Friday, 20th April, 2018 from 09:00 to 15:00
In the Auditorium Debussy-Ravel at the offices of SACEM, 2 Rue du Général Lanrezac, 92528 Neuilly-sur-Seine, France.
To attend the meeting (which is open to members and non-members alike), please register here.
Cross industry cooperation
Digital Data Exchange, LLC (DDEX) has been in existence for twelve years. It is the only organisation in the music industry whose member companies represent all business sectors across the music value chain; from music publishers and musical work societies, through record labels and music licensing companies, to distributors, metadata companies and digital music service providers. The standards it has developed over the years are used across the globe for the communication of data for a wide variety of business processes.
The key to its success is its governance. As such it represents a unique level of cooperation right across the music industry value chain, of the type not previously seen in the music industry. During this session, there will be an explanation of DDEX’s formation, governance, membership structure and the history of its technical development work.
Mark Isherwood, DDEX Secretariat
The digital supply chain and capturing core data
DDEX was initially formed to create standards for communicating data up and down the digital supply chain usually between licensors and digital music service providers, but its work has expanded over time to include data exchange between other types of organisations. An explanation of these standards will be given during this session:
Niels Rump – DDEX Secretariat
Identification of core data entities
In 2016, around 1 trillion audio streams and a further trillion music video streams were consumed worldwide.
DDEX standards help to exchange the data concerning assets and reporting, and also carry the unique identifiers for the key entities described in the messages, such as works, sound recordings, releases and parties. DDEX therefore works closely with other standards organisations which have responsibility for the governance and management of such unique identifiers. This session will explain the current work being undertaken in the context of the principle relevant identifiers:
Sales/usage reporting and linking to sound recordings
Critical to the process of ensuring rights owners, wherever they sit in the overall value chain, receive appropriate royalties in accordance with their commercial arrangements with licensees, in a timely and accurate manner is sales/usage reporting. DDEX developed the Digital Sales Report Standard to be deployed between licensees and licensors in an effort to support such a process. The standard is extremely widely deployed across Europe, particularly in respect of musical works, but is also extensively deployed in a number of other regions of the world. DDEX has also been looking to adapt the standard for the reporting of sales/usage information about sound recordings.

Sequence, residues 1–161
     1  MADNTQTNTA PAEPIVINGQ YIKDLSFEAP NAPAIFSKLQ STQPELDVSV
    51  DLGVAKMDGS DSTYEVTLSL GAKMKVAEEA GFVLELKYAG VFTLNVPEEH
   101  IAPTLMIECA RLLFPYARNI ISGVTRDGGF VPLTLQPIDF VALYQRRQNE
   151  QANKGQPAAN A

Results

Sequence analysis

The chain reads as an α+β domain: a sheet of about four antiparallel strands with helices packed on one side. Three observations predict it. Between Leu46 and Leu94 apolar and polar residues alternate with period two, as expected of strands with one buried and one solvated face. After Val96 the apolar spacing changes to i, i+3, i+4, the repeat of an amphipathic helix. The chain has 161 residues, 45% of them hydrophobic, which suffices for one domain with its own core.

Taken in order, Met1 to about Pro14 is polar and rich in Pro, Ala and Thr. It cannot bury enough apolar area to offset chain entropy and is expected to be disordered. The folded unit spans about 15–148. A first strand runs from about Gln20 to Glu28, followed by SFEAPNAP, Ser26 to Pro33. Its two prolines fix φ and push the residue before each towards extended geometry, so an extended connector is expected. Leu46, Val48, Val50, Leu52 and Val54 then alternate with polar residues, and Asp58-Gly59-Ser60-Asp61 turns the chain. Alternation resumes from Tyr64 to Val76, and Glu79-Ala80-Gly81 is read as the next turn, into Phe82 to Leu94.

A number of organisations are looking at how links can be established between musical works and sound recordings which can then be used for a significant range of processes across the music value chain. Once these are available organisations need to exchange the links they have created, partly to determine a common view. To enable this DDEX has created a standard that enables communication of this type of data:
DDEX’s future plans
Whilst the deployment of DDEX’s standards has been successful, as is well known, there remain a number of challenges across the music value chain with regard to the creation, management and communication of data. These have been greatly highlighted by the immense volumes and complexity of data that exists as a result of the principle business models that arise, particularly for digital exploitation. DDEX’s direction is set by its Board according to the needs of its members. It’s focus for the rest of 2018 and into 2019 will be guided by the needs of members as they address the exchange of data across the music business.
General Q & A
This is a final opportunity to raise any questions delegates may have about any of the standards discussed during the briefing.